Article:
Gray: We actually wanted to get away from that, to be honest with you. We wanted there to not be that direction connection to orphans, tragedy, dead parents and fighting back. The earliest thing we wanted was for the character to know more than he should know and to enjoy the concept of Batman as much as people going to see the Nolan Batman movies. It isn't as personal for them as it is to just enjoy watching the character go through these things. So for this character, that's a world he'd like to be involved in more so than being angry and lashing out to seek justice. Now, that can come later. But this felt like an opportunity to add something to the Batman universe that's slightly different than we would have seen otherwise. Therefor, we created a new personality type.

Palmiotti: He has issues, don't get us wrong. He's got plenty of things to deal with. But he's not going to be that person that lost his parents and all that. I will say, at some point we were looking at the character and saying, "What would it be like if Batman gave us this suit and told us to go fight crime?" In some weird way, that would be the coolest thing in the world. And I think that character has that same kind of joy in what he's doing. Inevitably, it's not as easy as it seems, but we went in a different direction. Because David, the original Batwing, his life was tough from minute one. If you read the series, he's got so much going against him. So we decided that if we were going to introduce a new character to the book, we had to give him a different feel.

One major thing people have noticed as new images of the costume have showed up -- particularly with the gatefold cover for #19 -- is that there are some strong similarities in design here with the eventual Batman Beyond costume. Is there something to read into that?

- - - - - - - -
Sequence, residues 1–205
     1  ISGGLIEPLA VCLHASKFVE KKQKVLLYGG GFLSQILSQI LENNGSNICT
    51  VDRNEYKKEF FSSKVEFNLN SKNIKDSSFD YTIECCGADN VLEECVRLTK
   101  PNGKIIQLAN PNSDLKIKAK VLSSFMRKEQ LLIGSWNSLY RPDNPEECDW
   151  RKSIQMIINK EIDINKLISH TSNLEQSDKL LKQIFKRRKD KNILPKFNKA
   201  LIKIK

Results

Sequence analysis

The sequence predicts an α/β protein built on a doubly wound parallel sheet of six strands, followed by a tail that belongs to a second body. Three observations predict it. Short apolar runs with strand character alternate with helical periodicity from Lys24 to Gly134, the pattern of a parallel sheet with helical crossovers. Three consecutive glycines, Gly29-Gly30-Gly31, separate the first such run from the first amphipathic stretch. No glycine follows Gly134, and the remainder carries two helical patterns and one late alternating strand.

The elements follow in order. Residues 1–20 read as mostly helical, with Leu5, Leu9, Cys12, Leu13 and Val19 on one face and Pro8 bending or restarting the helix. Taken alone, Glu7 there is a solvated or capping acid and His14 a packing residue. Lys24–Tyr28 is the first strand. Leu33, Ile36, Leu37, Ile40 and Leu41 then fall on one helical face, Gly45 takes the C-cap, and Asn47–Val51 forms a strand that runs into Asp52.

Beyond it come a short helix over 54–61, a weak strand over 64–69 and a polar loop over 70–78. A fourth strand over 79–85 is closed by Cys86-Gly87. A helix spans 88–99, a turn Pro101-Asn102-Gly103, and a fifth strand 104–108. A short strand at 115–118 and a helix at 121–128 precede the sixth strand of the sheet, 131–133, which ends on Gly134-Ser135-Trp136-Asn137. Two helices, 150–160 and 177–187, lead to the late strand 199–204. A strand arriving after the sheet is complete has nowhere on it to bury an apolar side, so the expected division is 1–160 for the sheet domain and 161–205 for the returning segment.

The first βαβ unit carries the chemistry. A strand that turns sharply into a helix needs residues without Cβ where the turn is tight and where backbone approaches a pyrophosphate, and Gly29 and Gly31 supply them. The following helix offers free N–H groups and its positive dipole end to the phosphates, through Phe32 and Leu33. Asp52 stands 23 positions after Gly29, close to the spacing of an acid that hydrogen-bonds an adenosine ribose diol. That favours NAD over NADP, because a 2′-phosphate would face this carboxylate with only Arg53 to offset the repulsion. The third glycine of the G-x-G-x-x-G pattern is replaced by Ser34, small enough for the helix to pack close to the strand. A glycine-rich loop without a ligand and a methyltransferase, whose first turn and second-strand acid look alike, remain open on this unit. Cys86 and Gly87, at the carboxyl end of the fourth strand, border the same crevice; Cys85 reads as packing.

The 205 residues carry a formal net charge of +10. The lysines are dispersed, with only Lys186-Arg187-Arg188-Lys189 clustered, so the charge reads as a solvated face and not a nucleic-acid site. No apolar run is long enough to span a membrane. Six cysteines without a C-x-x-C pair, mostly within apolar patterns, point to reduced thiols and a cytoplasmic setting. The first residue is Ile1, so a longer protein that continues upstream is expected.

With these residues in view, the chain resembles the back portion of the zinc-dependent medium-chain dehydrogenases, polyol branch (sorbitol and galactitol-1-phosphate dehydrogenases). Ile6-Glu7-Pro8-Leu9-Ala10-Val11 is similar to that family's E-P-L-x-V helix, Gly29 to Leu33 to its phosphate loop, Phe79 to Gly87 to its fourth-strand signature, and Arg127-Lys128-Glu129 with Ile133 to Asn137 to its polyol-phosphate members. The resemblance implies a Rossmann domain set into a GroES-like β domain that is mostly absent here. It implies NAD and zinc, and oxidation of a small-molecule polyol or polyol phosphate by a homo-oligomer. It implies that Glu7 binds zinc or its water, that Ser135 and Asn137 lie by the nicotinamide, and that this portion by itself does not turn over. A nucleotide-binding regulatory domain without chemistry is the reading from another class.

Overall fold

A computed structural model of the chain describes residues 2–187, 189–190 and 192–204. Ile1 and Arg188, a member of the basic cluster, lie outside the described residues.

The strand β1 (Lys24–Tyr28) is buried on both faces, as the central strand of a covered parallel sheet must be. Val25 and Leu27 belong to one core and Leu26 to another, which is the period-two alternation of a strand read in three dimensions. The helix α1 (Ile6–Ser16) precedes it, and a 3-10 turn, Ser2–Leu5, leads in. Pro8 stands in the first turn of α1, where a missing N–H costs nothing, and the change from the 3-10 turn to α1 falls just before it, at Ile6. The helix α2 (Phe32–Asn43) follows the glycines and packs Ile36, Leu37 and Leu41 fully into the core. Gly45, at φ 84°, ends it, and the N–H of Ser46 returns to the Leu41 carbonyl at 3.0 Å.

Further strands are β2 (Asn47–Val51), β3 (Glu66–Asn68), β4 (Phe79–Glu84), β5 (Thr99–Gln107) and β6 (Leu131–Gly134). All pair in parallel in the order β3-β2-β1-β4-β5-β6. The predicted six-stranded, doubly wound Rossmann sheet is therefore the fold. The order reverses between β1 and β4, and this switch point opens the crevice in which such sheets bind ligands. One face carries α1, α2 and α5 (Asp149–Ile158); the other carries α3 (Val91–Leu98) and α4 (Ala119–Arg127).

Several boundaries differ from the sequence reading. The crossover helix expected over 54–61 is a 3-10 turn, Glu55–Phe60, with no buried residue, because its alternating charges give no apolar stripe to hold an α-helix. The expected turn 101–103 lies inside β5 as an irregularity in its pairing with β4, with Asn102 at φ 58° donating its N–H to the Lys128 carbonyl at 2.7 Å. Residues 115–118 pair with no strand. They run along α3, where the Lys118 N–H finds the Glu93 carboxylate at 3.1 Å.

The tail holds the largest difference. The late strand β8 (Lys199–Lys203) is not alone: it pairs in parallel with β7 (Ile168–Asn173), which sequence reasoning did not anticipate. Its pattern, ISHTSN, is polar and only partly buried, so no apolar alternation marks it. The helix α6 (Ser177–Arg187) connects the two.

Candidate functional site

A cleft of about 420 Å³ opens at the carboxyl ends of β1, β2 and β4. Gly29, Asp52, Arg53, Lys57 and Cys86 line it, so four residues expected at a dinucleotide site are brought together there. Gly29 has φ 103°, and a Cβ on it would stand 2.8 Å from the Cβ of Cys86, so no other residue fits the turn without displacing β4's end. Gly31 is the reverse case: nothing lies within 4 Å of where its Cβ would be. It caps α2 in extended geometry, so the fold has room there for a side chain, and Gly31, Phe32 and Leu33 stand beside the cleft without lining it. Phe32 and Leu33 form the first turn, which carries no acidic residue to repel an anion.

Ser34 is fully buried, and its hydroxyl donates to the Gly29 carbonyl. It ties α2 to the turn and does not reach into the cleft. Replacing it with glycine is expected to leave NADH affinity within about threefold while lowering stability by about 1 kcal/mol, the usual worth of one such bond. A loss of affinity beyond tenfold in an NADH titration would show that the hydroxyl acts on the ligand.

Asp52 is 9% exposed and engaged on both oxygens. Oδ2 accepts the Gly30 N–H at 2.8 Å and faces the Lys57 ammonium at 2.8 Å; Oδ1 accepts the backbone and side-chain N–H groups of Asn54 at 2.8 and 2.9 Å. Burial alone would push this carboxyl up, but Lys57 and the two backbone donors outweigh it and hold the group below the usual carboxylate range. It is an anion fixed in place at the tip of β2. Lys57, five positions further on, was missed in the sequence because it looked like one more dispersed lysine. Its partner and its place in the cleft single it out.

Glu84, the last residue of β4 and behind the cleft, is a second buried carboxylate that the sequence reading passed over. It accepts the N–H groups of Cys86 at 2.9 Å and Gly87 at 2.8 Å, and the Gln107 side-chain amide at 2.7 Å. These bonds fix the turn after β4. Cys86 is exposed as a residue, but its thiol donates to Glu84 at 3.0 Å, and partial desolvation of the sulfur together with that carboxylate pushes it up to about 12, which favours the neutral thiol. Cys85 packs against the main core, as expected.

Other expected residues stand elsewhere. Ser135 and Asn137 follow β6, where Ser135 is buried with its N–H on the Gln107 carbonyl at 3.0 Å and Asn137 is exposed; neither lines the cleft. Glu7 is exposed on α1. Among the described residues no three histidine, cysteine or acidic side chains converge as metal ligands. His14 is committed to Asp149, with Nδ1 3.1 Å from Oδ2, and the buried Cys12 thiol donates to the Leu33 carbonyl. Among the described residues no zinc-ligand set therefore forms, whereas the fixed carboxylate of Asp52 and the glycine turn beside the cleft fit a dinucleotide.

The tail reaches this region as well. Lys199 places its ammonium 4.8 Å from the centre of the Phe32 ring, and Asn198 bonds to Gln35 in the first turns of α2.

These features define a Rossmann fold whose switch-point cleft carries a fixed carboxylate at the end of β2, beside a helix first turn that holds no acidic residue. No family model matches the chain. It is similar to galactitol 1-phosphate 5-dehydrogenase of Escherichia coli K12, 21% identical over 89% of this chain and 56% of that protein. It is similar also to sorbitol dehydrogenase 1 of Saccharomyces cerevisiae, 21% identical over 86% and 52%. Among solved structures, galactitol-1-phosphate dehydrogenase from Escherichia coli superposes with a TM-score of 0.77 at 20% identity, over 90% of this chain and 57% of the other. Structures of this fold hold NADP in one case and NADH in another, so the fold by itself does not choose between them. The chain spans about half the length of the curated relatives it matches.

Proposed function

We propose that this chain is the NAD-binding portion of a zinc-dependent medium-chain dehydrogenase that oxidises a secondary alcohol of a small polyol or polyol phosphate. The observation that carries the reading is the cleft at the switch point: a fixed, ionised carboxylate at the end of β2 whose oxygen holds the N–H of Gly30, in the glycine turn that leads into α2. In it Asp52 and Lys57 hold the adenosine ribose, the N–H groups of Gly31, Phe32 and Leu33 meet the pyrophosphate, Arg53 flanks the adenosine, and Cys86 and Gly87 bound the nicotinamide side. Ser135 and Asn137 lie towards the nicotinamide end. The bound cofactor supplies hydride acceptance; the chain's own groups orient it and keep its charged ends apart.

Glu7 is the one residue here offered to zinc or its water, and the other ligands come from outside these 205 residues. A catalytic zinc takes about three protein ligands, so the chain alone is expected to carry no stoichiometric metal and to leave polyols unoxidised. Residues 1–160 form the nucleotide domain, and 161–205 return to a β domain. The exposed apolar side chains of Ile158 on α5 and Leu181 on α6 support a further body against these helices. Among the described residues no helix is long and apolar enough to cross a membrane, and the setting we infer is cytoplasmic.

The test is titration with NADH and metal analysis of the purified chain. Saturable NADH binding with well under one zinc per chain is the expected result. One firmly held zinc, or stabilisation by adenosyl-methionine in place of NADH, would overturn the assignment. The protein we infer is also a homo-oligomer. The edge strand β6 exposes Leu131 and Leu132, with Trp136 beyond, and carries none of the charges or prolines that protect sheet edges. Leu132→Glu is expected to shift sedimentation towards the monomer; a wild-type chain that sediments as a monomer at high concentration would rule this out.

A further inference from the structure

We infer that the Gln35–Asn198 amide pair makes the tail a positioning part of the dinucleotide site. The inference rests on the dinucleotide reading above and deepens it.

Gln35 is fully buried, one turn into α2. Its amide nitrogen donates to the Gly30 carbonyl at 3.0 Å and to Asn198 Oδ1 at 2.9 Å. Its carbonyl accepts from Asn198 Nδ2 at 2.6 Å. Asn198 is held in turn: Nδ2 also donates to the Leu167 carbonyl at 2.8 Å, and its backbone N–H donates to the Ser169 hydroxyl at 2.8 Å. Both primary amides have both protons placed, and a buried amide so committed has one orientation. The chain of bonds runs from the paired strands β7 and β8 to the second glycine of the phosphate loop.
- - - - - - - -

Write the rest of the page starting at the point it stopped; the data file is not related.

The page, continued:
Palmiotti: First off, I love "Batman Beyond." Let me just say that to begin. [Laughter] But we were looking at technology, and one thing Justin and I always talk about is that we're very much tech heads. It's all, "What's next?" and, "How are things going to look?" If you look at the way things are designed by a company like Apple, they have one sleek design for all their products. And so this Batwing suit should have a different look that works both for who the character is inside the suit but also works for the functions of the suit. We went for this slicker look, and the gatefold presents that idea really well. But like any technology, it evolves all the time, so we're going to have some story things taking place with the actual suit. But overall, we wanted a sleeker look that stood apart from the regular Batman costume but also was different than the past Batwing. We actually had a book of different designs that we went through before we got to this, and I will say that it's still being fine-tuned in some respect. But that's story-based fine-tuning.

Another new element to discuss here is your plans for the villains of the series. You'll be using a New 52 version of Lion Mane, who you once wrote to gruesome effect during your "Hawkman" run. Why add him to Batwing's world?